Some insurance companies also enable their customers to add other types of insurance to the bundle for improved discounts. Whether you want some life insurance and just have another toy to insure (boat, RV, snowmobile, etc), you can score even deeper discounts for the added business. If you have multiple insurance policies, try to get them together under a single company to yield the highest discount possible.

Ensure You Are Getting Multi-Vehicle and Age Savings

Most insurance companies offer multi-vehicle savings for customers that insure more than one car. They also provide discounts for people based on their age. Anyone who is 40-years-old and has been driving for nearly 25 years with a good driving record should not be paying as much for auto insurance as a 19-year-old who has only had their driver’s license for a few years.

However, it’s important that you ensure you’re getting these savings from your insurance company. Many people are surprised to learn that multi-vehicle savings and discounts based on experience are available from their insurance company. Insurance companies commonly keep these discounts quiet, so you may have to dig around their website or specifically ask for them. Never hesitate to ask your insurer if you are getting all the available savings and discounts that the company offers.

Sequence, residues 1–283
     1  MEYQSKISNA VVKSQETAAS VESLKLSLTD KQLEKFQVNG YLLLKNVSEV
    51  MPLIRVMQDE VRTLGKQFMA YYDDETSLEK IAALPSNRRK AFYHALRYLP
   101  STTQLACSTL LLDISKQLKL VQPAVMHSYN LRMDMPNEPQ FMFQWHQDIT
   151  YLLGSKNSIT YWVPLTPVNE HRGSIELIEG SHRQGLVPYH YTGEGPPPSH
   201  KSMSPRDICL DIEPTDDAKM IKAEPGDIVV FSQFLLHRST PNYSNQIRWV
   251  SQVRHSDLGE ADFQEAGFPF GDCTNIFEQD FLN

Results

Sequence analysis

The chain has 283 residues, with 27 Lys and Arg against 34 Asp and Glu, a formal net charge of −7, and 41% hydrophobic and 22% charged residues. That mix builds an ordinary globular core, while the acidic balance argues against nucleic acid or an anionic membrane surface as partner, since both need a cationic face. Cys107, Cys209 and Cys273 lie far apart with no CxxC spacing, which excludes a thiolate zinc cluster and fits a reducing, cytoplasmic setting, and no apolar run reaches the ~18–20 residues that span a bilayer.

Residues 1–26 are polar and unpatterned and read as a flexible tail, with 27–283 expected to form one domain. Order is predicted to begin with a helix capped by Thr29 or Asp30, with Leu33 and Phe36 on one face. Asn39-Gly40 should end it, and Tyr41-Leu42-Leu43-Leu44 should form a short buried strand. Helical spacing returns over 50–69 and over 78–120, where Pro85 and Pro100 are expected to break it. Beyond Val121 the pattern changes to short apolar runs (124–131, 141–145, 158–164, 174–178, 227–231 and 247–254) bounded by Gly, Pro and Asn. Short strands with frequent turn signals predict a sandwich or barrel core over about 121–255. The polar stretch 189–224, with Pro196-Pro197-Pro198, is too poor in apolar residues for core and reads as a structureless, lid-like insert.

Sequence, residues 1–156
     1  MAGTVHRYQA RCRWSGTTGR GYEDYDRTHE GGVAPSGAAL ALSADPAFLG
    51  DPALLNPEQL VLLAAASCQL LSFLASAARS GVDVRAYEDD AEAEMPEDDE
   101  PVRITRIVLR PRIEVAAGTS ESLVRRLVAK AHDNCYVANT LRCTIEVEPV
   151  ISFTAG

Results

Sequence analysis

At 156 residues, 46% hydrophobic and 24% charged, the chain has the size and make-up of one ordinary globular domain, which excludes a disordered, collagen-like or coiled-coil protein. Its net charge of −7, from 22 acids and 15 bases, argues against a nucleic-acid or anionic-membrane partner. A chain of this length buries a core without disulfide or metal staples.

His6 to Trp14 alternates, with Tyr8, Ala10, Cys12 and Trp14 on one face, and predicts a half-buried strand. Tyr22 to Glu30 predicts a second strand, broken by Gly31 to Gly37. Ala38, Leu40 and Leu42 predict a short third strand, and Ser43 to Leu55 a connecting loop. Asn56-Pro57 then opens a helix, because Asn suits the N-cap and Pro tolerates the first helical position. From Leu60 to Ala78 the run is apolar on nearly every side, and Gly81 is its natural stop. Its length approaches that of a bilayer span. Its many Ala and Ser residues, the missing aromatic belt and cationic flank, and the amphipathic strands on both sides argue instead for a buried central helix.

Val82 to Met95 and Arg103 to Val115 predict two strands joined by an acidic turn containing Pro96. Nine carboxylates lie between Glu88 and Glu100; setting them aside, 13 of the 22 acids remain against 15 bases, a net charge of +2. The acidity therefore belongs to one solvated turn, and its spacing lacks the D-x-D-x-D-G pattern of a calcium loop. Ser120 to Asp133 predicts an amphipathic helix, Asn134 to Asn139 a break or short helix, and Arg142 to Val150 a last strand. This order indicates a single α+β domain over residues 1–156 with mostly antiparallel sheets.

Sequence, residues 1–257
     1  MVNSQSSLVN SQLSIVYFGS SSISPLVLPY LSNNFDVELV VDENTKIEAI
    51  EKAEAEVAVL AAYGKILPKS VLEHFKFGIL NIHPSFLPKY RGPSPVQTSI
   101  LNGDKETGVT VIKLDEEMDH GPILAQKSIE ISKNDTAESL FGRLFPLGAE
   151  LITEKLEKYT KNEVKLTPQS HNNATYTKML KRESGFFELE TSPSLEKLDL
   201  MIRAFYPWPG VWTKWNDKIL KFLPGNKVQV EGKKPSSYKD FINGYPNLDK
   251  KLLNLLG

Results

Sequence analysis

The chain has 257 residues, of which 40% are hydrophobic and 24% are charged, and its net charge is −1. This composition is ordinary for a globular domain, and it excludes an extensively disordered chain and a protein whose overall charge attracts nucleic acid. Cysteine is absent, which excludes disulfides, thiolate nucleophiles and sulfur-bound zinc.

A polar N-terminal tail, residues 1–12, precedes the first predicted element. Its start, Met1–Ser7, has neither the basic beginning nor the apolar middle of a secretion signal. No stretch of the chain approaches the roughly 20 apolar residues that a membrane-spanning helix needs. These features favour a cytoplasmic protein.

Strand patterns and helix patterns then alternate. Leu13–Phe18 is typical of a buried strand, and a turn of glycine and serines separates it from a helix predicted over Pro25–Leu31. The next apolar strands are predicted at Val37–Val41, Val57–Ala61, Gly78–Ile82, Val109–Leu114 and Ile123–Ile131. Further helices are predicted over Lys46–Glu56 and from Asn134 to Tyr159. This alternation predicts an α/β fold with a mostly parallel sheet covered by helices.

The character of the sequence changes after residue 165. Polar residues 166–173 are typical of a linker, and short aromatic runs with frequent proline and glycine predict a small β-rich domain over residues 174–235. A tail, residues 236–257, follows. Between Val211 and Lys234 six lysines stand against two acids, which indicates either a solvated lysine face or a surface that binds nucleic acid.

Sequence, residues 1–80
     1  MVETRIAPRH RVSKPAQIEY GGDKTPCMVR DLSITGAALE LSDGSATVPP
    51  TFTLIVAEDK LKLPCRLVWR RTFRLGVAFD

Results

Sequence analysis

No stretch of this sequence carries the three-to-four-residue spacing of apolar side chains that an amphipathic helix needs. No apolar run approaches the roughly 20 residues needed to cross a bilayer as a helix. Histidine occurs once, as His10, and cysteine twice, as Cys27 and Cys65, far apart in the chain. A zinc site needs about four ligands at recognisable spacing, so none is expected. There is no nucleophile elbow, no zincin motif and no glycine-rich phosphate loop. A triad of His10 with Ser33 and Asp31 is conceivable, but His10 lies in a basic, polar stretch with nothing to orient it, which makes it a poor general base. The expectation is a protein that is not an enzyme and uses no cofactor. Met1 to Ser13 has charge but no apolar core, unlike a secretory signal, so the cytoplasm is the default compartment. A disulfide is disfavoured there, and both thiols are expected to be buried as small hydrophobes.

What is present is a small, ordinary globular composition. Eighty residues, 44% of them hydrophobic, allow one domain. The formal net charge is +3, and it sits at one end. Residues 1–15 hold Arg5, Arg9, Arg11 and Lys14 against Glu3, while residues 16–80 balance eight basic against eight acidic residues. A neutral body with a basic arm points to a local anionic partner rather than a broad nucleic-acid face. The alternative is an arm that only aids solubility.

Add More Security Measures

Most modern vehicles come with a factory-installed alarm system. Insurance companies factor that in when calculating a policy. However, many insurance companies provide further savings to drivers who add additional security measures to their car, so consider going above and beyond what comes stock.